THE GOLD-THREADED DRESS

Oy silently cries out in frustration that her teacher and classmates do not accept her as Thai; her teacher issues her an “easier-to-remember” English name; and her fourth-grade classmates pull their round eyes into slits and call her “Chinita,” little Chinese. Revealing the challenges young immigrants face in a mixed-race school environment, Oy feels torn between the respect she feels for her Thai culture and the acceptance she wants from her American culture. When she draws her family picture, their eyes are as round as those of the boy who teases her most, further exemplifying her will to fit in. She typifies the average fourth-grader’s yearning in a way that each reader will recognize or remember. Acceptance into a campus girl’s club is contingent upon allowing chubby club members to wear her petite, gold-threaded dress. The slow plot builds to climactic action as school authorities disband and discipline the whole club, whose members are discovered lined up in their underwear waiting for a turn to try on, inadvertently soil, and tear the delicate garment, symbolic of Oy’s tender spirit. In an emotional buildup, Oy is forced to face her choices and reconsider her goals. Marsden, in her debut, draws on her own experience as she describes a loving family guiding their daughter in a difficult time. Those who read this short, character-driven story will remember the parallels between their personal experience and the forceful message, concluding that being kinder to new immigrants builds delightful friendships and provides interesting insights into rich cultures. (Fiction. 8-10)

Pub Date: March 1, 2001

ISBN: 0-7636-1569-2

Page Count: 80

Publisher: Candlewick

Review Posted Online: May 20, 2010

Kirkus Reviews Issue: Feb. 15, 2002

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A BIG CHEESE FOR THE WHITE HOUSE

THE TRUE TALE OF A TREMENDOUS CHEDDAR

The author and illustrator bring to life an incident right out of history in this droll picture book enhanced by lively, color- washed pen-and-ink drawings. In Cheshire, Massachusetts, the home of mouth-watering cheese, the local residents grumble that President Jefferson is serving cheese from Norton, Connecticut, at the White House. “I have an idea,” says Elder John Leland to the assembled town folk, “If each of you will give one day’s milking from each of your many cows, we can put our curds together and create a whopping big cheddar.” Although some people scoff, the farmers bring load after load of milk—from 934 cows—to town and they set about making an enormous cheese. There are problems along the way, but eventually the giant cheese is dragged to a barn to age. At last it is perfect, and Mr. Leland and friends start the long haul to the East Room of White House. In a foreword, the author explains the truth and fiction in the tale, e.g., that the presidential residence wasn’t called the White House until about 1809. A humorous tale with a wide range of appeal and uses in and out of the classroom. (Picture book. 8-10)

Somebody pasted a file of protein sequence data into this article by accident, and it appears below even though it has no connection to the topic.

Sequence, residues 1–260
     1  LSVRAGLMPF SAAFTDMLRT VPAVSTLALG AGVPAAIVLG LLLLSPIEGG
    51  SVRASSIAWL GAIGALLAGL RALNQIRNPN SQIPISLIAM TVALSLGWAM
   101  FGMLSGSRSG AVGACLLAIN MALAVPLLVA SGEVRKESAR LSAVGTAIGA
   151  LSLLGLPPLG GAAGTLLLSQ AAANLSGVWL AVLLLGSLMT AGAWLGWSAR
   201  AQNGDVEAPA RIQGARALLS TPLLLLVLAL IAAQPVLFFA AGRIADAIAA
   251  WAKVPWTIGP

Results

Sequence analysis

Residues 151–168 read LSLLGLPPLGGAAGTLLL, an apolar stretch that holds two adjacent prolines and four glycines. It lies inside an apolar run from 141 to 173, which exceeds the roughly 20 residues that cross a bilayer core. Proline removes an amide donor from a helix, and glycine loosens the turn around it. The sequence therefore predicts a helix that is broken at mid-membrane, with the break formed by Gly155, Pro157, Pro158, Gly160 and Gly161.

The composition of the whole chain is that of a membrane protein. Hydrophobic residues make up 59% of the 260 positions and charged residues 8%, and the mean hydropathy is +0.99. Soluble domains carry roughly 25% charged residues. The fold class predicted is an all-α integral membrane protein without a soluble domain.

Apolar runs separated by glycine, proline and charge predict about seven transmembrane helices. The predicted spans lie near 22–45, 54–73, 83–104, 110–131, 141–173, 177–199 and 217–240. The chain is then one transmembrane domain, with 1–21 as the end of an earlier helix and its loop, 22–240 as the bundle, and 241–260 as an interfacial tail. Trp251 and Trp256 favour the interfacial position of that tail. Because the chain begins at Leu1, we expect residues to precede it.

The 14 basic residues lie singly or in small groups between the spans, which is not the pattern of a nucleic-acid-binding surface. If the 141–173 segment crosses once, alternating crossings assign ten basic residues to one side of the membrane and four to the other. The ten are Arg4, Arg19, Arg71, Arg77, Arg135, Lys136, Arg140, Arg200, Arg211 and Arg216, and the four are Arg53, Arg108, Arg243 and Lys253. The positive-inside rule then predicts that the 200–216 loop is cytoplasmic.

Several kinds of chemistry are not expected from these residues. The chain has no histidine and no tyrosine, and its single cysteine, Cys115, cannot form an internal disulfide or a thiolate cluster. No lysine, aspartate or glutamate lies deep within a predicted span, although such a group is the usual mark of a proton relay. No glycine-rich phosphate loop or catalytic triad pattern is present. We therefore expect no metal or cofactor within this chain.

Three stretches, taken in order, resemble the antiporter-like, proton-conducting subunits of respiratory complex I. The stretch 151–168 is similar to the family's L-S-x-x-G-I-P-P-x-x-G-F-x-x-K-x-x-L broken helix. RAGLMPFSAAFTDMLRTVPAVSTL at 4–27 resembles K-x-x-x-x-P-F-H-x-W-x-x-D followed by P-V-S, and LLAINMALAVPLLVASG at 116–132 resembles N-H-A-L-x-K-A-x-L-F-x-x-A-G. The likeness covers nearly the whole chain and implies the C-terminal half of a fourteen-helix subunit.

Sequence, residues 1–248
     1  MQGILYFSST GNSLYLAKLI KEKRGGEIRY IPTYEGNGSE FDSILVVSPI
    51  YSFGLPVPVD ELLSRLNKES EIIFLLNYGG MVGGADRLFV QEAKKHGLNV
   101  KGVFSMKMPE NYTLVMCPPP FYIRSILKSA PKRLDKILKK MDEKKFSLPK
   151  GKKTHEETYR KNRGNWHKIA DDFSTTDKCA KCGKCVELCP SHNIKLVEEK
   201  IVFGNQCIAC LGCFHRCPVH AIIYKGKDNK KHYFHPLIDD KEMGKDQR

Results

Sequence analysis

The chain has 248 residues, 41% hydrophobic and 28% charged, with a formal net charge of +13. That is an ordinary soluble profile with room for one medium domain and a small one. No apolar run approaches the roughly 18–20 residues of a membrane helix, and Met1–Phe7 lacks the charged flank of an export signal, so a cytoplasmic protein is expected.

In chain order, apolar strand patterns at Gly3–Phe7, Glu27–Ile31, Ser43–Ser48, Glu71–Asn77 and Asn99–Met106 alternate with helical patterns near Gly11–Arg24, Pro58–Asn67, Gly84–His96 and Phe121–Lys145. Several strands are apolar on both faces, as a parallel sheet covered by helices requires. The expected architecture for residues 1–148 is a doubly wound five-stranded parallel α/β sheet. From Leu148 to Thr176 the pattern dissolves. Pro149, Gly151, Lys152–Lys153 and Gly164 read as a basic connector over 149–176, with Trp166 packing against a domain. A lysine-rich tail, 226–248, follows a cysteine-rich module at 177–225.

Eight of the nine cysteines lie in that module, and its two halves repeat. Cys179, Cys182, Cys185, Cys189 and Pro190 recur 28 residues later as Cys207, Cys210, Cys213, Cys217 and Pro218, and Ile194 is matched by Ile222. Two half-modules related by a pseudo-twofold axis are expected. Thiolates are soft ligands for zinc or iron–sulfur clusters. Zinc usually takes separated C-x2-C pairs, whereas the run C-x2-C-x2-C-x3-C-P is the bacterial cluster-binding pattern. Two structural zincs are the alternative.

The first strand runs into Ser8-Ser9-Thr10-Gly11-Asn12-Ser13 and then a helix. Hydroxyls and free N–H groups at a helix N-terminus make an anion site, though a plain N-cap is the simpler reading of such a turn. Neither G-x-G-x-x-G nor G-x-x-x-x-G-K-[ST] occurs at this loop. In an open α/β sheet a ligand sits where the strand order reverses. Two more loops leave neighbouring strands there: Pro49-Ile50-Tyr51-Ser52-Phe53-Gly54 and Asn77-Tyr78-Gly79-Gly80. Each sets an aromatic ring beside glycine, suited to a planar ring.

Pub Date: Sept. 1, 1999

ISBN: 0-7894-2573-4

Page Count: 30

Publisher: DK Publishing

Review Posted Online: May 20, 2010

Kirkus Reviews Issue: July 1, 1999

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THE GREAT DIVIDE

A MATHEMATICAL MARATHON

From Dodds (The Shape of Things, 1994, not reviewed, etc.), a rhyming, reckless text that makes a math process pleasurably solvable; Mitchell’s illustrative debut features a smashing cast of 1930s characters and a playfulness that will keep readers guessing. The premise is a Great Race: at the sound of the gun, 80 bicycle racers take off at top speed. The path diverges at the top of a cliff, and half the racers hurtle forever downward and right out of the race and the book. The remaining 40 racers determinedly continue in boats, their curls, spyglasses, eye patches, matronly upswept hairdos, and Clara Bow—lips intact. Whirlpools erupt to divide them again and wreck their ships, so it’s time to grab the next horse and ride on. The race continues, despite abrupt changes in modes of transportation and in the number of racers that dwindle by disastrous divisions, until a single winner glides over the finish line in a single-prop plane. The pace is so breathless and engaging that the book’s didactic origins all but disappear; few readers will notice that they’ve just finished a math problem, and most will want to go over all the action again. (Picture book. 5-10)

Pub Date: Nov. 1, 1999

ISBN: 0-7636-0442-9

Page Count: 32

Publisher: Candlewick

Review Posted Online: June 24, 2010

Kirkus Reviews Issue: Nov. 15, 1999

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